We had been tipped off by some Good Samaritans beforehand that Jez Butterworth‘s play comes in at a staggering 3 hours 20 minutes with two intervals. Christ! We could have flown to the holy city in less time. To be honest the runes were not looking auspicious and the Whingers were on their knees praying to the God of theatre (why has he foresaken us?) to intervene with some technical problem which would necessitate the whole thing being called off and refunds given.
And do you know what? Never have 200 minutes flown by so fast, so enjoyably and accompanied by such gales of laughter.
Mark Rylance plays Johnny Byron – a hard-drinking part-Scheherazade, part-Pied Piper, part opinionated wastrel and part all-round scumbag who deals drugs to minors. But he does it all with limitless charm, a De Niro twinkle and a performance as hilarious as the one which won the Whingers’ hearts in Boeing Boeing.
He lives in a (too flash really) Airstream caravan in a wood (the set by Ultz features real trees – The Whingers do hope they were sustainable) near a small town in Wiltshire where – despite his status as a haven for the local teenagers and a lover of many of the local women – it appears that his time is running out. A petition against him has been signed by thousands and the local council has used its powers to call in the police to get him evicted. Significantly to Mr Butterworth’s slice of English life it’s St George’s Day and the day of the local annual fete which gets crapper every year.
Now interestingly enough Wiltshire is Phil’s county of birth and indeed he has his own tales to tell of each of the many places name-checked in the play although nobody listens.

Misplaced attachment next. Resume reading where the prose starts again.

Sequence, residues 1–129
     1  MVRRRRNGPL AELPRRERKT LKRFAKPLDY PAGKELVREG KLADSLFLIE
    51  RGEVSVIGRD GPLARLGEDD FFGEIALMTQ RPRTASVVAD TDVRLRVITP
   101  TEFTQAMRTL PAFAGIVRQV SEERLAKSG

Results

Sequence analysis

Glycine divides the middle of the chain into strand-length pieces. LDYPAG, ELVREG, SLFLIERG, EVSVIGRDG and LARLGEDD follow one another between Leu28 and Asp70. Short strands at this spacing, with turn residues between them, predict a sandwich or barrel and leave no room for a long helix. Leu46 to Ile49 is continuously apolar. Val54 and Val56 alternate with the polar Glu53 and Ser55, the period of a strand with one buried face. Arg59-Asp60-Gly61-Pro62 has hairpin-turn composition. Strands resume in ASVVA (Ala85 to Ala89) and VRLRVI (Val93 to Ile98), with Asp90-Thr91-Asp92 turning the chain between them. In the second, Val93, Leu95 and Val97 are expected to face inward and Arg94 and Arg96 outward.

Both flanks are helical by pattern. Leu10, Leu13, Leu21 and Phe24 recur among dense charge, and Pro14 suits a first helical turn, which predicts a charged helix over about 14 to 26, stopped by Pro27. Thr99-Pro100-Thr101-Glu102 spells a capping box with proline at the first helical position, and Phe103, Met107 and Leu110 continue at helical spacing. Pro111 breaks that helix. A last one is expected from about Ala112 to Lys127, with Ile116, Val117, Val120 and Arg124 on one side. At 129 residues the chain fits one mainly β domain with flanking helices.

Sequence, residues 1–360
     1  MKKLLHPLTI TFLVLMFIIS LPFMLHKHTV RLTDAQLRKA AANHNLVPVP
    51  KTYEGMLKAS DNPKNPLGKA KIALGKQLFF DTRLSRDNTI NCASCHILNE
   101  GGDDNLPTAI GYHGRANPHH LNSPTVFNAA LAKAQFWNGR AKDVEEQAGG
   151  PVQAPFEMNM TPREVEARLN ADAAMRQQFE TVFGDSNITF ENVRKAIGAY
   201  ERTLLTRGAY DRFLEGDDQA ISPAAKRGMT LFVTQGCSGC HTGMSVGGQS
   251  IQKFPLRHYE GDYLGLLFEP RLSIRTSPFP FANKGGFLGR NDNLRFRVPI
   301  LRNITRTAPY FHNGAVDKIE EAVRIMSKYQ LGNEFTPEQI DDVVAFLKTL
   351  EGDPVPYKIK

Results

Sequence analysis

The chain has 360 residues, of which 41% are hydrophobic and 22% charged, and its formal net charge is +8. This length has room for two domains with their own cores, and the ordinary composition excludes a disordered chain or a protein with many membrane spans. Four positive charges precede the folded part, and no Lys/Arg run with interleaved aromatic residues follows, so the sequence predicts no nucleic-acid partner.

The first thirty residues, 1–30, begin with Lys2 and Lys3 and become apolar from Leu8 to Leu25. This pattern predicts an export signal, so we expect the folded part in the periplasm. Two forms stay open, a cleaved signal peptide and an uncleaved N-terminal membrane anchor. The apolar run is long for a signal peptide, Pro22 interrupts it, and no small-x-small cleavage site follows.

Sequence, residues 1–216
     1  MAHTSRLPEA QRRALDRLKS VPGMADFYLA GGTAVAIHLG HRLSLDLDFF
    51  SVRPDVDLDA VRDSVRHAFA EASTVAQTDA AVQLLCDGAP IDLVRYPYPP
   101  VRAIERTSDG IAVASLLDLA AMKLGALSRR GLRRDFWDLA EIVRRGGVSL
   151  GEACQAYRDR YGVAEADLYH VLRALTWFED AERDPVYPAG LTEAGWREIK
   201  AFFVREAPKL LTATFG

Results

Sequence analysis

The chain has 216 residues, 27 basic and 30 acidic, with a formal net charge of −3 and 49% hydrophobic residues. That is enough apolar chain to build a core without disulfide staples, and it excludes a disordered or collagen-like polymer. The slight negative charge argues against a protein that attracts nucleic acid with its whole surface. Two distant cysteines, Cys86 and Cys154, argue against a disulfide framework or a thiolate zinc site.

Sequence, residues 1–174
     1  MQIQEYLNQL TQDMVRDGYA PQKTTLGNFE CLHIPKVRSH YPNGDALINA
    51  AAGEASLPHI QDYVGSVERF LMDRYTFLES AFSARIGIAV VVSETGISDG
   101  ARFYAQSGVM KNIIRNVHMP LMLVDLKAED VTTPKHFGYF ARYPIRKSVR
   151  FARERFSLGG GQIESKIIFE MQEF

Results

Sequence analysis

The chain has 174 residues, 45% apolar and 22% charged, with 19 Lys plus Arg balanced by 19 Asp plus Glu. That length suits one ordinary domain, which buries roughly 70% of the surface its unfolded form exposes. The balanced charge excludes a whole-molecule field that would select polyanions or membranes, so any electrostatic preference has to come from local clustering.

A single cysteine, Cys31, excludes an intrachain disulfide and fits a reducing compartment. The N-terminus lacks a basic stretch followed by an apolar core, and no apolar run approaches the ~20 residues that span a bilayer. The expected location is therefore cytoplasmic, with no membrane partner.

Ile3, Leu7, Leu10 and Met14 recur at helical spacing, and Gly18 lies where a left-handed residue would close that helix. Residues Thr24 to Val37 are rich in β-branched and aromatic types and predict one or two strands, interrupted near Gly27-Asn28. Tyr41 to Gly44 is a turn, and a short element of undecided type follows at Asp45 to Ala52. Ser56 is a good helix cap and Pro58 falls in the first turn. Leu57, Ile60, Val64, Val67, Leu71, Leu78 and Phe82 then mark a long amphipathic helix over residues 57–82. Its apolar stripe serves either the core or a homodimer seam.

But more importantly to the world of comedy Wiltshire is blessed with an accent which seems to be funny whatever you say in it (Sadly Phil lost his. Or sold it. Or something.).
It also features a discussion about the decline of BBC Points West (the local news programme Phil grew with), scenes of cocaine being cut with Trivial Pursuit cards (the game hadn’t even been invented in Phil’s youth) and tests Mark Rylance and cast against that old chestnut of never working with children or animals by including a goldfish, a urinating tortoise, some chickens and a small boy (we think we saw Lenny Harvey who looked about 6 but could possibly be 11 like his role share Lewis Coppen).
Real choc ices are consumed, Rylance dunks his head in a water trough and shakes his wet hair over those in the Row A and an axe is wielded menacingly close to these bloggers (was Butterworth tipped off that the Whingers would be seated in the front row?).
On the debit side it features morris dancing.
For two of the three acts the mode is almost all relentless comedy and director Professor Ian Rickson draws shining performances from the entire and not inconsiderable ensemble which notably includes The Office graduate Mackenzie Crook (in fact, wasn’t Gareth Keenan from Wiltshire too? Swindon?). We particularly enjoyed Tom Brooke who, we note, had the misfortune to be in The Boat That Rocked and so deserves to be singled out for praise: he was wonderful as the hapless would-be emigree Lee Piper. Alan David is priceless as the vague Professor.
When the comedy stops and the violence begins it’s a bit of a shock and we have to confess that we didn’t really know what it was all about. Butterworth’s teasing juxtaposition of the mystic and the mundane (Stonehenge and custard creams) is all very well but when we were just left with the mystic the Whingers were way out of their depth.
Butterworth is a pig farmer in Somerset apparently, which may be a clue; perhaps it’s even more state-of-the-nation than it claims. Phil headed straight home to phone NHS Direct and begged for Tamiflu. But really we have no idea what it was all about.
And we didn’t much care that we didn’t understand it. To be honest, we would probably go and sit through all three hours 20 minutes of it again.